John Mueller Discusses How Authority Works, Whether Authorship Matters as a Metric
During a Google Webmaster hangout on June 11, 2019, webmaster trends analyst John Mueller answered a few questions about authority and authorship and whether Google uses either as a ranking metric. The short answer? No, Google doesn’t directly measure site authority. According to Mueller, Google doesn’t have any kind of authority metric, saying: “In general, Google doesn’t evaluate a site’s authority. So it’s not something where we would give you a score on authority and say this is the general score for authority on your website. That’s not something we would be applying here.” Mueller was speaking to a webmaster who saw site traffic drop significantly following the June 2019 Core Update. This webmaster concluded that their site authoritativeness must have dropped by 50 percent as an explanation for this loss in traffic. In general, it seems as though there’s widespread misunderstanding of what, exactly, authority means for a site. Part of this stems from some understandable confusion about Google’s Quality Rater Guidelines, which Google frequently points to as a starting point for improving pages and sites following an algorithm update. The Quality Rater Guidelines discuss authoritativeness and how to evaluate it in detail, but it should be noted that these guidelines are for actual, physical personnel: Google’s Quality Raters. Quality Raters don’t rate individual websites, though their feedback is used to refine Google’s search algorithm. “They do not review individual websites,” commented Mueller. “So it’s not something where you need to optimize your websites for access by quality raters.” Basically, Google’s Quality Raters don’t actually evaluate individual websites and assign a “score” for authoritativeness. According to Mueller, the only people who should be evaluating your site should be your users; he recommends getting feedback with regards to how they perceive your site.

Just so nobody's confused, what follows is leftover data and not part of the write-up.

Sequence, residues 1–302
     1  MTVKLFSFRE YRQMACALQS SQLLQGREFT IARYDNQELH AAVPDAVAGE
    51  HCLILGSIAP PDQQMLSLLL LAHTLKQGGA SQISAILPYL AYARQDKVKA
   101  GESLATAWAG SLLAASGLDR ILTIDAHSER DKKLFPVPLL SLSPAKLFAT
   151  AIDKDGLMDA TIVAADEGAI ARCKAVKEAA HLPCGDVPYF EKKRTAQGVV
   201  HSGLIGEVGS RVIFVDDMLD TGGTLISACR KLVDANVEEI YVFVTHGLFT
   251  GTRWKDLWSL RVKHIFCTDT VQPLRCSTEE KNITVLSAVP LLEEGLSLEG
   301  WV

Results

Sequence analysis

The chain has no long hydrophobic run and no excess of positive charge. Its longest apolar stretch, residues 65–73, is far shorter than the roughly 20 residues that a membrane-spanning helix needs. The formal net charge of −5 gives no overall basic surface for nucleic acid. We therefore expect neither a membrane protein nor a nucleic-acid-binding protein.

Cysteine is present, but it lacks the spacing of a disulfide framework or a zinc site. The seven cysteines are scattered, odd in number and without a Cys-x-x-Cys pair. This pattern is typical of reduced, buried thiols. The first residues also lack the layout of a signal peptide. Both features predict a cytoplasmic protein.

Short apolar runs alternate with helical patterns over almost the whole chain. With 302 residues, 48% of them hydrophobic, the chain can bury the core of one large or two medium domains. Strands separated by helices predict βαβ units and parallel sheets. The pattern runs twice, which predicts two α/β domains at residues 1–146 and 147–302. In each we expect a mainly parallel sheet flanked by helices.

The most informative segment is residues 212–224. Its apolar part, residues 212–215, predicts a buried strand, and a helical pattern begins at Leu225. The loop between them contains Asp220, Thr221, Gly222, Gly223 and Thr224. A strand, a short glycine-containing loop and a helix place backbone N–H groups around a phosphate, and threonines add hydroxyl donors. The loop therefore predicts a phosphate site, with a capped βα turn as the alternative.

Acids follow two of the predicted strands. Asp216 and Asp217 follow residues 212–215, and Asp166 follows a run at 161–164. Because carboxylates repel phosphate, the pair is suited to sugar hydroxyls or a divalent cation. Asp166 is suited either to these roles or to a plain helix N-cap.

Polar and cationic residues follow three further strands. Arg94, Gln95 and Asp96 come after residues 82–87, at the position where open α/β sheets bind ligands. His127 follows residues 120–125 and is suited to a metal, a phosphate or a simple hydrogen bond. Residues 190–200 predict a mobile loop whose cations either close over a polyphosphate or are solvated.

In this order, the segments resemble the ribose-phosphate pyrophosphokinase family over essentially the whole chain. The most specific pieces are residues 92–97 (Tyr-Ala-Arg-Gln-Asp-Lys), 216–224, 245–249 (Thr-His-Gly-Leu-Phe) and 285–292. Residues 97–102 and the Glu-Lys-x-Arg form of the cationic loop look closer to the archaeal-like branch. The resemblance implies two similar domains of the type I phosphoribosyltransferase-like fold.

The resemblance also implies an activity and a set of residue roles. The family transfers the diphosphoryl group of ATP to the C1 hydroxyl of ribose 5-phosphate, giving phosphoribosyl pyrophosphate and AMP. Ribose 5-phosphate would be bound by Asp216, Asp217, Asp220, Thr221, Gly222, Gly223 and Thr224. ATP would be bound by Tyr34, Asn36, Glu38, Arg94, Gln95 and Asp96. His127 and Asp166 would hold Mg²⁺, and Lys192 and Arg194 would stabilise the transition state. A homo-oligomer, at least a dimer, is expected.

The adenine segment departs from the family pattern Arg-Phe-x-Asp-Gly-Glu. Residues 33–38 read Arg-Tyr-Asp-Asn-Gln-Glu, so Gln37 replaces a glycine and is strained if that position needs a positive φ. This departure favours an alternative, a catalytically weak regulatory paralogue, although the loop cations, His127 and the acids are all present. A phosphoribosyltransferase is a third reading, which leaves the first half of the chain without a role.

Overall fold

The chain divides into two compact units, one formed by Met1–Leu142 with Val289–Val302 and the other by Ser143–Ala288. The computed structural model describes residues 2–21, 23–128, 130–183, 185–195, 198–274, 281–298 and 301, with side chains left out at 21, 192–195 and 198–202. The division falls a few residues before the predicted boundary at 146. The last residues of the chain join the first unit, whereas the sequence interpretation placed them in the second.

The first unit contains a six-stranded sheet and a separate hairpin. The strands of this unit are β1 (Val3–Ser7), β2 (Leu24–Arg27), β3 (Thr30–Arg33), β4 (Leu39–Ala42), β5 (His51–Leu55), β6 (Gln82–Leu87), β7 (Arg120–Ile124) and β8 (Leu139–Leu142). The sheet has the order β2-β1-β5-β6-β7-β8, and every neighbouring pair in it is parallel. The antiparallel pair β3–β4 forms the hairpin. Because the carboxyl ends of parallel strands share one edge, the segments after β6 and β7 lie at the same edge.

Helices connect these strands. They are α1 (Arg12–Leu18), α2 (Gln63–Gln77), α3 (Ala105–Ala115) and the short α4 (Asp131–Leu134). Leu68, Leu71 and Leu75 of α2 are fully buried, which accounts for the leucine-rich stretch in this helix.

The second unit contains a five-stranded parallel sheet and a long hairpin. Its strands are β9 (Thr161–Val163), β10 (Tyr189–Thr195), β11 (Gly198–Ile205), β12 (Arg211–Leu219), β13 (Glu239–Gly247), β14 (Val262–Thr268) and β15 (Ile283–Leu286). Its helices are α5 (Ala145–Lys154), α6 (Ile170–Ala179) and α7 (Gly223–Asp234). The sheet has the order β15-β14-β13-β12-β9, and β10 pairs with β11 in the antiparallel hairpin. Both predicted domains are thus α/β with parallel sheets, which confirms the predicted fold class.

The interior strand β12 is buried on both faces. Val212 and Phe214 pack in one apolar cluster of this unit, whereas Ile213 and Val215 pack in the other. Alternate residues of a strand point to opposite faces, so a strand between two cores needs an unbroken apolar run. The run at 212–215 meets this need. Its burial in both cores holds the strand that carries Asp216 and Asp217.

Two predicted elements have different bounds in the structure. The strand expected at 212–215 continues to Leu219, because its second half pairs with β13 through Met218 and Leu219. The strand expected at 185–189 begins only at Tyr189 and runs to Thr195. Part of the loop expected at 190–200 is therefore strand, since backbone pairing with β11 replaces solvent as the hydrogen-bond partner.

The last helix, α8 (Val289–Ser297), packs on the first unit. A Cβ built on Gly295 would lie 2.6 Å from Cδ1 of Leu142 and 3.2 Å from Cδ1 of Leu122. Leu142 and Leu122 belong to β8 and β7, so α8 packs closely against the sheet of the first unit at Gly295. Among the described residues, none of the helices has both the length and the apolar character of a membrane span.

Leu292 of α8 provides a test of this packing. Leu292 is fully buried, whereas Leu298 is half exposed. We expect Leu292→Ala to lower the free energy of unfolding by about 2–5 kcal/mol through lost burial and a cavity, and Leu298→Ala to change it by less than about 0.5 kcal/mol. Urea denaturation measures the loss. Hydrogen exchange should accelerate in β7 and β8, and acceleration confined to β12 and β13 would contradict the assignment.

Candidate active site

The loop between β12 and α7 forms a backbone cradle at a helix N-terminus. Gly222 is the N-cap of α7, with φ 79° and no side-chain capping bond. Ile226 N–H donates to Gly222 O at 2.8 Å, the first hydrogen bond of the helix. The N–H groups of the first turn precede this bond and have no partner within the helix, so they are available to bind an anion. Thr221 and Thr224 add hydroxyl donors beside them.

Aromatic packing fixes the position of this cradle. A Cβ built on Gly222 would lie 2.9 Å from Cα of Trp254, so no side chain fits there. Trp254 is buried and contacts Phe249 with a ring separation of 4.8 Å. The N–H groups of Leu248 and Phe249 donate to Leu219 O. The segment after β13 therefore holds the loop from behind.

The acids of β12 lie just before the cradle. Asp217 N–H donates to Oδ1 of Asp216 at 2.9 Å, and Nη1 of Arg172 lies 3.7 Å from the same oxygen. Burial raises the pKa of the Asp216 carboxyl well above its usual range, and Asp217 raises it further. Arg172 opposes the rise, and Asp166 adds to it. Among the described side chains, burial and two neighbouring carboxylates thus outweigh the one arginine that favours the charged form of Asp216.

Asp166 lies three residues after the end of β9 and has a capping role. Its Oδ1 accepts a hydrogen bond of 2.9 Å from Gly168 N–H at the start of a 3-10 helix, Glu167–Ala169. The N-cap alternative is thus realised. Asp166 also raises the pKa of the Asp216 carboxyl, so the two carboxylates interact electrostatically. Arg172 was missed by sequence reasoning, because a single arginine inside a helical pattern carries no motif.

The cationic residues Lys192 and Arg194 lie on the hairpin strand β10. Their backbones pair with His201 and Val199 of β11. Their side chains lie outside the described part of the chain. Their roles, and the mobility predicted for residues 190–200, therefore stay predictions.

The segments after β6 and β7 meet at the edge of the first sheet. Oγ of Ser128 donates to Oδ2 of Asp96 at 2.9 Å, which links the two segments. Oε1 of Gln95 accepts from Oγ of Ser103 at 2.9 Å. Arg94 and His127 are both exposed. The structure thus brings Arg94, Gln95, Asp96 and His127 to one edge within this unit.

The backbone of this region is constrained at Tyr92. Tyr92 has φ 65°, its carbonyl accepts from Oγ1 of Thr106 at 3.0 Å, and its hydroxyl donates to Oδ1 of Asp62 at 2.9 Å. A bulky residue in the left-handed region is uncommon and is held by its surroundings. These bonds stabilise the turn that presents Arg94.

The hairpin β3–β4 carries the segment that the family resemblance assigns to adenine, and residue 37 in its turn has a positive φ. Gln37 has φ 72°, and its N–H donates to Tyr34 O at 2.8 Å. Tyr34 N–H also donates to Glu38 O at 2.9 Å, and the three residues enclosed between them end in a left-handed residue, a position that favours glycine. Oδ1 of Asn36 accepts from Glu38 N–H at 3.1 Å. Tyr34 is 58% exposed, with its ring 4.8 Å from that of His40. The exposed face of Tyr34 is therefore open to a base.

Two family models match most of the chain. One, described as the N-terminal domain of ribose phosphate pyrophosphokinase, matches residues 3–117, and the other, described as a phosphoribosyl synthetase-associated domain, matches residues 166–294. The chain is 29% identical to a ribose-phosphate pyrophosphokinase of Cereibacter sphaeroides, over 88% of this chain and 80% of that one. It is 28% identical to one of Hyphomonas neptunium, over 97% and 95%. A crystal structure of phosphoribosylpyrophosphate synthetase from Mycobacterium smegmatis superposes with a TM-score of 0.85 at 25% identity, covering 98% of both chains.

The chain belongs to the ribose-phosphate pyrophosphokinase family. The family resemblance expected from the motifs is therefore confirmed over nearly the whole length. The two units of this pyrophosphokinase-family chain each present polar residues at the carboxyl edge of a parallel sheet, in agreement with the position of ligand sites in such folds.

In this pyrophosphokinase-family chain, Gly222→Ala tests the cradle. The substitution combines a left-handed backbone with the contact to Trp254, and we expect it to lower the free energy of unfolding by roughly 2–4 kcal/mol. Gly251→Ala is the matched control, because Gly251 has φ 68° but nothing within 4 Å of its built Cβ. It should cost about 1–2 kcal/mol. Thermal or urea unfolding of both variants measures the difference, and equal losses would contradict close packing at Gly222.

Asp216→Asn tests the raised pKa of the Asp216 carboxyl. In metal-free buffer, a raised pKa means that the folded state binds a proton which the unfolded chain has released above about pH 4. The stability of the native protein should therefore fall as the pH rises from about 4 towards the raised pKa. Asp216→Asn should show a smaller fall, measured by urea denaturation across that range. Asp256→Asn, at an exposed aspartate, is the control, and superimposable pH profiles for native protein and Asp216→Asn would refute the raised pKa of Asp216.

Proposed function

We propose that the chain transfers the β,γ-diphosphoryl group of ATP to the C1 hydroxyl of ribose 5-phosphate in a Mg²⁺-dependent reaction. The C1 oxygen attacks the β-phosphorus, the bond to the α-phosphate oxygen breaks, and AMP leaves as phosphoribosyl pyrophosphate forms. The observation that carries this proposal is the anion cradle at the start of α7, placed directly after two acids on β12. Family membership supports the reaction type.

Authoritativeness and Authorship are UX-Focused
Mueller also commented on authorship and the notion that one of the best ways to demonstrate authority to Google is via author bio pages. Mueller’s response seemed to downplay how necessary these factors are, at least as a technical issue, which sheds more light on how Google approaches the concept of site authority. “With regards to author pages and expertise, authority, and trustworthiness, that’s something where I’d recommend checking that out with your users and doing maybe a short user study, specifically for your set up, for the different setups that you have, trying to figure out how you can best show that the people who are creating content for your website, they’re really great people, they’re people who know what they’re talking about, they have credentials or whatever is relevant within your field.” Mueller advised that author bios are not necessarily a technical requirement, describing them more “as a quality thing, as a user experience thing.” Determining how authoritative a piece of information or author is can be a very subjective exercise. It’s easy to point to credentials, describe someone as an expert in their field, and make similar claims, but it really depends on how that information is backed up with regards to user experience. Mueller’s comments seem to indirectly confirm that authoritativeness, let alone an author bio, is a ranking signal, but rather a factor for better user experience.